Acer Predator XB272 review

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The Good: The Acer Predator XB272 delivers a handy 240Hz maximum refresh rate in addition to G-Sync support and offers a decent selection of hardware controls.

The Bad: Its resolution is pretty low for a 27-inch monitor, and its input connectors aren’t up to the latest standards.

The Bottom Line: If you just need it for high-frame-rate gaming, the Acer Predator XB272 is a great option. But otherwise it’s a bit lackluster for the money as a general-purpose monitor.

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Acer raises the bar for high frame-rate gamers, extending its 25-inch Predator XB252 up to 27 inches and bringing with it a maximum refresh of 240Hz. At $680 (approximately £620, AU$1,050) It’s not the cheapest G-Sync monitor around, but at the moment it’s one of the few to refresh that fast. And for a TN panel, it’s pretty good.(Don’t confuse this with the as-yet-unavailable XB272-HDR, which has a completely different panel.)

The trade-off, though, is resolution, which is also the same as the smaller panel. That means you can drive a truck between the pixels — OK, not really, but it does mean that for doing things other than playing games it’s not very sharp. For games, you can use G-Sync DSR to increase the perceived resolution.

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Basic specs

Price (MSRP) $680, approximately £620, AU$1,050
Panel type TN
Backlight type WLED
Size (diagonal) 27
PWM backlight dimming n/a
Resolution HD (1,920 x 1,080)
Aspect ratio 16:9
Pixel pitch (mm) 0.31
Maximum gamut 100 percent sRGB
Rotates vertically Yes
Bit depth 8
Typical brightness (nits) 400
Selectable/custom picture modes Yes/No
Sync standard G-Sync
Maximum vertical refresh rate (at HD or higher resolution) 240Hz
Gray/gray response time (milliseconds) 1
Black/white response time (milliseconds) n/a
Release date April 2017

The XB272’s layout is pretty typical, with onscreen display controls on the back right. The buttons are a little flat and hard to feel, but they’re supplemented by a joystick that makes it much easier to navigate the menus than typical up- and down-arrow buttons. You can map two of the buttons directly to menu options, a nice perk.

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It has a reasonably broad set of options. Among the various presets there are three gaming-specific ones that change the brightness, refresh rate and white point settings. There’s also a selection of three optional target overlays, adaptive contrast, and a decent set of display options for color and brightness.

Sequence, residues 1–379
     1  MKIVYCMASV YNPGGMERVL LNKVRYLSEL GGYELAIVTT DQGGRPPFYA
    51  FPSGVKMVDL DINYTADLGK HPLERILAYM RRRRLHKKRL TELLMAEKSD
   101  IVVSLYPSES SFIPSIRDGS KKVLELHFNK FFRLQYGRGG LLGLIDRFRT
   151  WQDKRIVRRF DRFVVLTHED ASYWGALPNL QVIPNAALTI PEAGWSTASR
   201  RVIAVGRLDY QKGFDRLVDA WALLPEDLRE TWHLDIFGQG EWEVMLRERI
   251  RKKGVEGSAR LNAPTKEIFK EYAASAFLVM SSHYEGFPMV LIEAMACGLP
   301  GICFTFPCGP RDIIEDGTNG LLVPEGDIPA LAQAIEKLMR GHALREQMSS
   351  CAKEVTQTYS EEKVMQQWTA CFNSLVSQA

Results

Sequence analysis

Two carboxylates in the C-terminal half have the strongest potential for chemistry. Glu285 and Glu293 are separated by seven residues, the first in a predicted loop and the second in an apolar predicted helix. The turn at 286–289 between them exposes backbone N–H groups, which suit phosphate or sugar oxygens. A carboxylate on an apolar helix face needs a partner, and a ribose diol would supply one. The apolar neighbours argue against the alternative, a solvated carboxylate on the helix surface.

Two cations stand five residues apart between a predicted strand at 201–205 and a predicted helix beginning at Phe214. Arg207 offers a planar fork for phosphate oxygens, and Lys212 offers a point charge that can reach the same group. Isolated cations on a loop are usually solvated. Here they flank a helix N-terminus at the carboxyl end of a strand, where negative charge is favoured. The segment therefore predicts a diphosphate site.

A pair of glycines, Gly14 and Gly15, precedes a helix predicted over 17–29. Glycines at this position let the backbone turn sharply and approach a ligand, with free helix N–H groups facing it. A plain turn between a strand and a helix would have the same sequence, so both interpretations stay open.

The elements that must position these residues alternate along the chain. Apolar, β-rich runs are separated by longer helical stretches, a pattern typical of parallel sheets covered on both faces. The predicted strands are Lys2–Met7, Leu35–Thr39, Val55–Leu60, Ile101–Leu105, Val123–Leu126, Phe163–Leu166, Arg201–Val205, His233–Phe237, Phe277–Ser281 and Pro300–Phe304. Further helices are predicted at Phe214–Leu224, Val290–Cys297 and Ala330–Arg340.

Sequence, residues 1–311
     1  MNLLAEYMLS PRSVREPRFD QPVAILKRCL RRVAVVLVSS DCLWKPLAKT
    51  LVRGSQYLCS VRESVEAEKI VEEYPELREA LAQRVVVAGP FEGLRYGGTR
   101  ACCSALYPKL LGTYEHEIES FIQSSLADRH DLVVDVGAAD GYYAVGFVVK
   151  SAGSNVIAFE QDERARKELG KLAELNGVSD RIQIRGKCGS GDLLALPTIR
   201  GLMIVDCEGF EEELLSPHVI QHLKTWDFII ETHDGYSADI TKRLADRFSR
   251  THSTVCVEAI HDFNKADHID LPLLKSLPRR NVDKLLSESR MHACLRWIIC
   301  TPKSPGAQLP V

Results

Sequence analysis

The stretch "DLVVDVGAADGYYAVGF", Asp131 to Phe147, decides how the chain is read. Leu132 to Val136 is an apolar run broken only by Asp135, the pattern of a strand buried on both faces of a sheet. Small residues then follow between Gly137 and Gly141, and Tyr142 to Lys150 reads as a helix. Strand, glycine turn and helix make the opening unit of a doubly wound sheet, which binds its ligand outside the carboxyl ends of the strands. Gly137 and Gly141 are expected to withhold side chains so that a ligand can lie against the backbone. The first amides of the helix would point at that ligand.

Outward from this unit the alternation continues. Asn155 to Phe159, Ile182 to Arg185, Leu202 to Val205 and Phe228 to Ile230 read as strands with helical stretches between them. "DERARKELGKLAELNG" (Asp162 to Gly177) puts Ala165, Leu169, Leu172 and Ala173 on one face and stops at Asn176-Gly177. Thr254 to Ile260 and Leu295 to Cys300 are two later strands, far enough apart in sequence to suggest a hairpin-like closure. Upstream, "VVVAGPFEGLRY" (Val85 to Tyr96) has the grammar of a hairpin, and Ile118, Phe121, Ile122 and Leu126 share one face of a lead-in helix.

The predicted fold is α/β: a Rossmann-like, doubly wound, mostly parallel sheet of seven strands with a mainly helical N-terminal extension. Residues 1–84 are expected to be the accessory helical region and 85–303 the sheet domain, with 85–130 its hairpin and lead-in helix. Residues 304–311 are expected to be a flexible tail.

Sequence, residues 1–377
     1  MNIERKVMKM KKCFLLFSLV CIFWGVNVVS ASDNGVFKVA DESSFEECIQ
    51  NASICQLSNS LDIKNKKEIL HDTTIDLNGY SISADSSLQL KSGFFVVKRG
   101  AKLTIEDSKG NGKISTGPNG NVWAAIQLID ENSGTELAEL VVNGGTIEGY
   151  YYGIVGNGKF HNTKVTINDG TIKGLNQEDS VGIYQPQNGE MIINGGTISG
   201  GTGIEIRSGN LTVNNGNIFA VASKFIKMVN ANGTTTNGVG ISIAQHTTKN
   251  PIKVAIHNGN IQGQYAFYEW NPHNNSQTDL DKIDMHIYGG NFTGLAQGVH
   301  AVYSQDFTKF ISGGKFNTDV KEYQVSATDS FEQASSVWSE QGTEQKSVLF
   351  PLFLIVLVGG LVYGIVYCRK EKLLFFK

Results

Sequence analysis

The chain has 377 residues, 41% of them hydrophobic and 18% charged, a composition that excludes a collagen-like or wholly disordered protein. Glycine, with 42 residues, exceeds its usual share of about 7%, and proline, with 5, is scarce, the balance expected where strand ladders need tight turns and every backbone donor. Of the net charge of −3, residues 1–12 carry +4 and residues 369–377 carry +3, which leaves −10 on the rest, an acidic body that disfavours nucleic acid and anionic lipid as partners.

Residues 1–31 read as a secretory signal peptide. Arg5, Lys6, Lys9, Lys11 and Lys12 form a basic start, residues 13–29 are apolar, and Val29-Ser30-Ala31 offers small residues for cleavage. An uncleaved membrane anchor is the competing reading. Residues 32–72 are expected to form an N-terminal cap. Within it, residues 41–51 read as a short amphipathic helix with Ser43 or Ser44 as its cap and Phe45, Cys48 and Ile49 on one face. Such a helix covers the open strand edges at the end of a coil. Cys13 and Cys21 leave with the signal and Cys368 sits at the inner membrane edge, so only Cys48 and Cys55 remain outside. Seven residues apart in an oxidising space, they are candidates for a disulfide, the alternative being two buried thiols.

Four Type-A USB 3.0 ports and low-power built-in speakers round out the feature set. The biggest disappointment here is the inputs: a single HDMI and a single DisplayPort, both based on last-generation standards. Not a deal breaker, but if you’re spending this much on a monitor, you probably want it to last a few years; at least the high refresh rate futureproofs it a bit.

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Connections and hardware features

HDMI 1 x 1.4
USB Type-A (out) 4 x USB 3
USB 3.0 (in) 1
DisplayPort 1 x 1.2
Built-in speakers Yes (2 x 2W)
Headphone jack Yes

In most ways, the XB272 is a typical TN display, It covers about 95 percent of the sRGB color gamut, measures a maximum (static) contrast of about 720:1 and peak brightness of around 445 nits.

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The 240Hz maximum refresh rate goes a long way to smoothing out gameplay; even with G-Sync I saw a little more stutter than I expected when frame rate rose above the refresh rate. But at 144Hz and higher it fared well with fast GTX 1080 gameplay. I didn’t see any flicker, even when trying to force it, but I think I’m just not sensitive to it. And the audio is fine if you’re space constrained, at least driving its low-power speakers.

Conclusion

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At 27 inches, the Predator XB272 is a sweet-spot size, and its 240Hz refresh rate elevates it above the crowd if you need to hit the high frame rates sans glitchiness. Plus, G-Sync DSR helps compensate for the display’s otherwise low resolution, but that’s only an option for gaming.

(cnet.com, https://goo.gl/rJ8Ctd)

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